Finally, press OK on PiVPN until you reach the “Local Users” page.
In the “Choose A User” page, I chose the one and only user, pi.
In the latest updates of the Raspberry Pi OS, you no longer have “pi” as a default user, so just be aware.
Here, it’ll ask you whether you want to use WireGuard or OpenVPN. I went with WireGuard because it was recommended.
Default Wireguard Port
Unless you need another port, you can just press OK and use the default 51820 port.
There are many choices for DNS providers here and I just went with Google for the ease of set up.
Public IP or DNS
What you’re seeing here is your public IP address and this will be the IP address you’ll use to connect to your VPN.
I enabled unattended upgrades because I wanted the security upgrades.
Time to add client profiles
Sweet! You’ve made it to the “Installation Complete” menu.
Setting PiVPN up on the Raspberry Pi is half the battle. The next half is configuring your client profiles so that you can connect computers, phones and other devices to it.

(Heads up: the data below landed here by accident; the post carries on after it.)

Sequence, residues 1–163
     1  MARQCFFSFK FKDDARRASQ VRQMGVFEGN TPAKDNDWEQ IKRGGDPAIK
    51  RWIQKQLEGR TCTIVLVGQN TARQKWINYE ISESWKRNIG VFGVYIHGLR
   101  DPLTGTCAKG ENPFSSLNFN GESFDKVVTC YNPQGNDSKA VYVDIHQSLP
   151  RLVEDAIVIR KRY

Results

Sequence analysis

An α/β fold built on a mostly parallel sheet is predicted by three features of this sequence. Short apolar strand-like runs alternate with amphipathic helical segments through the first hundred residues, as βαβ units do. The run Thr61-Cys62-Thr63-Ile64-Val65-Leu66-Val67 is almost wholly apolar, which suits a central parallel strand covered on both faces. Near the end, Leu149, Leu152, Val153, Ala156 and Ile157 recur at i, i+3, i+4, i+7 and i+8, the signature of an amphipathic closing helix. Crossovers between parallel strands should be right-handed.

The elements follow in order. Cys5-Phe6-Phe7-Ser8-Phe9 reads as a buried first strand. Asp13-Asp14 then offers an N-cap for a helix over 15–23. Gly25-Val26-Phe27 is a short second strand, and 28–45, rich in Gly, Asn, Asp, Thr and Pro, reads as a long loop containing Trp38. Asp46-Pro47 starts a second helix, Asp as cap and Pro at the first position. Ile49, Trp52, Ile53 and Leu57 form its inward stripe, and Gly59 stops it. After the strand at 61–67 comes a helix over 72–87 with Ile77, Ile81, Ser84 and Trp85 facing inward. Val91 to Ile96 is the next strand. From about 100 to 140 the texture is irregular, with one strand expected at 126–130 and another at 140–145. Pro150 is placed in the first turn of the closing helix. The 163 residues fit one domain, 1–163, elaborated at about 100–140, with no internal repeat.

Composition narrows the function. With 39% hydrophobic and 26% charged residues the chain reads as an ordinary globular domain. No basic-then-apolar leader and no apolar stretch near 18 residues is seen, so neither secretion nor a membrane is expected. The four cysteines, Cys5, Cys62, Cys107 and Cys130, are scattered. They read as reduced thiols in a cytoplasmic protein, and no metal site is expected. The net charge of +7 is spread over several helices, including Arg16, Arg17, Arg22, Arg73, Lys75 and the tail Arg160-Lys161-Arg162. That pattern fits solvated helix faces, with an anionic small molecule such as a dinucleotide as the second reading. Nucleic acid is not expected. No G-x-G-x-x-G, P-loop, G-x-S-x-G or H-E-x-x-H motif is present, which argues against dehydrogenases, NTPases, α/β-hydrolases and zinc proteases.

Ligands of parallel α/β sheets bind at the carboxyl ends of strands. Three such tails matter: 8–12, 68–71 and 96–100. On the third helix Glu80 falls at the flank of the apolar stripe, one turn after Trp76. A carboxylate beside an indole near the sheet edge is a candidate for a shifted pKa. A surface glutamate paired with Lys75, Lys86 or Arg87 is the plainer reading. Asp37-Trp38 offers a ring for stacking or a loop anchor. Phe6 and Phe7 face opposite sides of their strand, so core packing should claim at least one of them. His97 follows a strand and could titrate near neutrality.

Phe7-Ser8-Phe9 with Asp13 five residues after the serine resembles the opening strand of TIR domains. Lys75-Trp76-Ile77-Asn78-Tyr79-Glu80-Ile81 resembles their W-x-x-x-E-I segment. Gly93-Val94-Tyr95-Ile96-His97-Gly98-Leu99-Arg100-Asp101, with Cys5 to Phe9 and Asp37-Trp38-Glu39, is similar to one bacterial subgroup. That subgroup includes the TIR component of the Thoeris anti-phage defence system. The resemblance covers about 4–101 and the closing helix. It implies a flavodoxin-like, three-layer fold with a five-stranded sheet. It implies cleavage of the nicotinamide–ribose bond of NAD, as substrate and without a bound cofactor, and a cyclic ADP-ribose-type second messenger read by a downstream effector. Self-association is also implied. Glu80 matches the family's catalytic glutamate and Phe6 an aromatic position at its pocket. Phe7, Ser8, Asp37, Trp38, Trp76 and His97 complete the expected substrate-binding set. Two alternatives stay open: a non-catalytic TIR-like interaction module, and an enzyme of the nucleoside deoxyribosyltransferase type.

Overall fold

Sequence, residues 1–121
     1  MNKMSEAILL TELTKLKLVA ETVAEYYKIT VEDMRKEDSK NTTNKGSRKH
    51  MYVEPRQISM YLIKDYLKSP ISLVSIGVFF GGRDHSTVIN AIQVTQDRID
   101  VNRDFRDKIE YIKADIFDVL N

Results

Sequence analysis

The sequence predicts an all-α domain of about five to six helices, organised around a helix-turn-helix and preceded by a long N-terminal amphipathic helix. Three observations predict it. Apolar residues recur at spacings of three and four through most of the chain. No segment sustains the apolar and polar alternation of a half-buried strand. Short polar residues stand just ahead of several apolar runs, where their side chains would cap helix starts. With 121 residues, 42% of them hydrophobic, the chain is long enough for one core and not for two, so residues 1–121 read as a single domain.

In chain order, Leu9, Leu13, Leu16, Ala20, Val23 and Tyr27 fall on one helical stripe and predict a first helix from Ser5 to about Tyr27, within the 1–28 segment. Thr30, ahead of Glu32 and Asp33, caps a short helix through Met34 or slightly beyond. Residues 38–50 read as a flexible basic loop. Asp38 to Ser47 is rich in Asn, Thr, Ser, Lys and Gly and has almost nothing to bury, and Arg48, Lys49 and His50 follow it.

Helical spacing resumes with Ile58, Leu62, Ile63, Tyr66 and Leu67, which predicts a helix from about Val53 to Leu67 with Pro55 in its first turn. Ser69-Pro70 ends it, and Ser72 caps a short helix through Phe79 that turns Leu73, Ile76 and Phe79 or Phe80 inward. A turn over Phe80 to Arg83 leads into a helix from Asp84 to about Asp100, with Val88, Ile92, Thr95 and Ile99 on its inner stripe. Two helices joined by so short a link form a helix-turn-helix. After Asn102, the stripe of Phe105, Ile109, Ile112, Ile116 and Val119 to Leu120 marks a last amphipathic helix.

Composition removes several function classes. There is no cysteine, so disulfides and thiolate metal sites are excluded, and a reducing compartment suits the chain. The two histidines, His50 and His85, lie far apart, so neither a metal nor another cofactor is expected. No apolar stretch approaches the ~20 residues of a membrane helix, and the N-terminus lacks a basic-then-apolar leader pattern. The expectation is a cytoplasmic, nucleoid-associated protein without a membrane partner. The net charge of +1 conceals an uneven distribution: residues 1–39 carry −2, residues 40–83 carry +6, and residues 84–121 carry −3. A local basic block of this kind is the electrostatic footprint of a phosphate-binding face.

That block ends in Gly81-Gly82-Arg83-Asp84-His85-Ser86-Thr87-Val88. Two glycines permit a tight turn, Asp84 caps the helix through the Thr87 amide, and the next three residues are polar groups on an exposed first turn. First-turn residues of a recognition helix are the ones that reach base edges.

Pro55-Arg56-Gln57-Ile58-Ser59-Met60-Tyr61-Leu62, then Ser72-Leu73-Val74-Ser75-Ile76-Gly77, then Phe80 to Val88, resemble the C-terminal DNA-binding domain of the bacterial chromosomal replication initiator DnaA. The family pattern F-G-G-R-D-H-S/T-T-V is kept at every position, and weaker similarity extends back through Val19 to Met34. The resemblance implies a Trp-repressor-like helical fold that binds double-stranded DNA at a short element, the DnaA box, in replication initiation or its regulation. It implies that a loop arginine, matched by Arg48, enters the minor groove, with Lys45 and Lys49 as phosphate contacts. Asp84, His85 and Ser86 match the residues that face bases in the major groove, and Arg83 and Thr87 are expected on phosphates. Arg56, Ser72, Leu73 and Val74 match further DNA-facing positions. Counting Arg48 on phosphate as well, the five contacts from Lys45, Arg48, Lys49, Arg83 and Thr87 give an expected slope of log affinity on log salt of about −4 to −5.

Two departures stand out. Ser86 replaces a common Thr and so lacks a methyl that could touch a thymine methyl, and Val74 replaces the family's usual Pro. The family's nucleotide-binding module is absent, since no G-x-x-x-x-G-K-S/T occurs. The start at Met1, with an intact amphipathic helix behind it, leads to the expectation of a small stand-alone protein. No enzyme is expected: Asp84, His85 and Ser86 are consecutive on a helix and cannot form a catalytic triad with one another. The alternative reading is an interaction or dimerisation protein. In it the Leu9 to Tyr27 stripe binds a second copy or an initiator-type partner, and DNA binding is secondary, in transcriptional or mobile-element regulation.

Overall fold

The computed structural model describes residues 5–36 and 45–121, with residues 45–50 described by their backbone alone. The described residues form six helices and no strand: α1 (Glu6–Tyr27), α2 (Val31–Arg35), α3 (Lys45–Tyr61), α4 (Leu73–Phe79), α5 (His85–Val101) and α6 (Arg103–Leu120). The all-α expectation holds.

Open up a Terminal and type “pivpn add”
Enter a name for the client. You can use something like “client1”, “client2” or something more intuitive like “smartphone”, “television”, etc.
When it’s done, you will see a message saying it’s done.
PiVPN would have generated a .conf file that you can use with Wireguard apps.
However, there’s an even easier way to get the configuration onto your phone.
Setting up an Android phone
In the same terminal, enter pivpn -qr
Then, enter the client that you want. There’s only one right now named “smartphone”.
So, enter “smartphone” and press enter.
If everything goes well, you will see a QR code that you can scan with the Wireguard app on your smartphone.